MILTON, March 24, 2020 - In light of the Government of Ontario's decision to mandate all non-essential business be closed by 11:59 p.m. on Tuesday, March 24, Woodbine Entertainment would like to inform all horsepeople that the Bookkeeper's office is open today (Tuesday, March 24) until 5 p.m. to handle request for fund withdrawals. The Bookkeeper's office will be able to handle and process requests for funds either by cheque or by wire transfer that are either called in or e-mailed. All cheque requests will be delivered via regular mail service. Pickup at the Grandstand is not available, as the facility is closed to the public given the COVID-19 pandemic isolation procedures. If requesting a cheque, please ensure that the Bookkeeper's office has your most up to date mailing address. As of 5 p.m today (Tuesday, March 24), the Bookkeeper's office will be closed until further notice and will not be processing any transactions. The Woodbine Standardbred Bookkeeper can be reached at 416-675-3993 x 1 + 4315. Mark McKelvie

March 19, 2020 – The Raceway at Western Fair District has temporarily suspended live harness racing until further notice due to the continued spread of COVID-19. We wish to thank our horse people, and staff for their tremendous co-operative efforts this past week in allowing us to conduct racing. However, as the virus spreads, the risks to community associated with racing make it difficult to continue. The Raceway will keep everyone updated on the status of the return of live racing in London in the coming days.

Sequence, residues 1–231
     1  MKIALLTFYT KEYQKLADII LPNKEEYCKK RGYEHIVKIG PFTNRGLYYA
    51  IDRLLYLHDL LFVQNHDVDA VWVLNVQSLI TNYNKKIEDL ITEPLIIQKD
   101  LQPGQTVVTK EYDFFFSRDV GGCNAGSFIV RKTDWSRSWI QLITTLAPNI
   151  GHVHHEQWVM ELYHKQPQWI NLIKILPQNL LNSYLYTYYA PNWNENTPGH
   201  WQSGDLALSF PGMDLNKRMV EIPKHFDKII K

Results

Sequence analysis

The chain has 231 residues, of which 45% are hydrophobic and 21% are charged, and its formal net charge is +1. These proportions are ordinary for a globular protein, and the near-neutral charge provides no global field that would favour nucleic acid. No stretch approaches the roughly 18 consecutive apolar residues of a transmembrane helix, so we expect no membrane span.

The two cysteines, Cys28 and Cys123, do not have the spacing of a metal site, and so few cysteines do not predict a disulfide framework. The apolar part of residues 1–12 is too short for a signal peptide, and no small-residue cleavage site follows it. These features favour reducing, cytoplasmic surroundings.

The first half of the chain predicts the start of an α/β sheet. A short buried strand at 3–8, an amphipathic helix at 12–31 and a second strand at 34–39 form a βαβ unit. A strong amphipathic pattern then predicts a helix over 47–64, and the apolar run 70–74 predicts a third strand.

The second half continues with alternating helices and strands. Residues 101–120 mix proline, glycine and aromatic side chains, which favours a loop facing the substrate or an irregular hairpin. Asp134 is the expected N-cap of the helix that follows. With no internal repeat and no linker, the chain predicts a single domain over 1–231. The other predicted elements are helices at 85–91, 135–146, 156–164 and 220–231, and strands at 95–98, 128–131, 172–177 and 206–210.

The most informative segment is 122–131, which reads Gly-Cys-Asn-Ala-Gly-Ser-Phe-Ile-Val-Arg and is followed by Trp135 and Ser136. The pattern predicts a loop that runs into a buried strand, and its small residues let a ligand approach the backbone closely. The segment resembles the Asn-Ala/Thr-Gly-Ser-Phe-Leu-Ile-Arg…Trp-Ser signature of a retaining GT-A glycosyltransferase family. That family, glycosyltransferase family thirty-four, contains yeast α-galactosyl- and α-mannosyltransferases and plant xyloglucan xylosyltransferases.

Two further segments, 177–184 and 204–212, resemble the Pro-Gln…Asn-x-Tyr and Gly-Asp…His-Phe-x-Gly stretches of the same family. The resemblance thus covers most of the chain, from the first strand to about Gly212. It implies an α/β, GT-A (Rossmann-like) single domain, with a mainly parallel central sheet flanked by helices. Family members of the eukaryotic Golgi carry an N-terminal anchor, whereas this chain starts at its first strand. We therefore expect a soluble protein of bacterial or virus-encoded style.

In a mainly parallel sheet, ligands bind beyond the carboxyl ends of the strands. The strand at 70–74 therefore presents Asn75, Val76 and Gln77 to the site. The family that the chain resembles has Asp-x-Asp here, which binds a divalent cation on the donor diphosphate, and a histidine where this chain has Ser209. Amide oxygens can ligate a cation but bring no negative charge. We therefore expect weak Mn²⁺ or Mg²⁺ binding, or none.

Guelph, ON DATE OF RELEASE - Mar. 19, 2020  - Are you succeeding in keeping yourself and the kids busy during self-isolation and social distancing? The Ontario Government has enacted a Declaration of Emergency to Protect the Public, and this includes the closure of riding facilities . As the challenges of this pandemic continue, we are all looking for ways to cope.    In response to requests coming in from the industry, Equine Guelph has moved up the start date and extended access for both their youth (13 – 17) and adult offerings of the Online Horse Behaviour and Safety Course.    By joining the Equine Guelph online community, equestrians can stay connected during this time of social distancing. You can even learn together with a FAMILY BOGO deal - buy one adult offering and receive a youth offering for free!   The courses are typically run over two weeks but access has been extended from Monday March 23 until May 11, 2020. For less than the cost of a missed riding lesson, students will be able to join in a highly interactive online learning community with group discussions amongst their peers, Q&A’s with the course instructor and an expert guest speaker.   Registration is open now and will remain open from Mar 23 – May 1. For those already enrolled, for the course previously scheduled to begin April 6th, you will be able to join in early. Learn at an easy pace with the ability to log on 24/7 to the course and enjoy the extended access on the discussion boards. Keep your horse-crazy kid from going stir-crazy with this fantastic learning opportunity. Adults will also find solace, especially if their barn time has been limited during this trying time of social distancing.    “The Horse Portal brings together our youth in a safe, online community where they will learn how to ‘speak horse’ – and, ultimately, stay safe around horses and on the farm!” says Equine Guelph director, Gayle Ecker. "From grass roots to adult industry professionals, we are so proud when our students tell us how our courses have helped them."   Course Topics include:   1. The Horse in the Wild – A Herd and Flight Animal 2. The Modern Day Horse 3. How Horses See and Hear 4. Herd Behaviour – How Horses Interact with Each Other 5. Horse Handling/Approaching a Horse 6. Rider/Helmet Safety 7. Trailer Loading Safety Basics 8. Safety around the Barn and Paddocks 9. Fire Safety 10. Returning from an Injury Equine Guelph online students from across the globe are becoming industry leaders and making a difference to horse health and welfare.    Watch videos of success stories.   Join the supportive online community at TheHorsePortal.ca to connect with horse lovers and see where your love of horses will take you.     Equine Guelph has partnered with all English-speaking equestrian federations across Canada as well as youth groups and international organizations. Check the partners tab to see if you qualify for a special 10-15% course discount for TheHorsePortal.ca courses. Partners discounts are applicable for those taking advantage of the FAMILY BOGO deal! Learn together!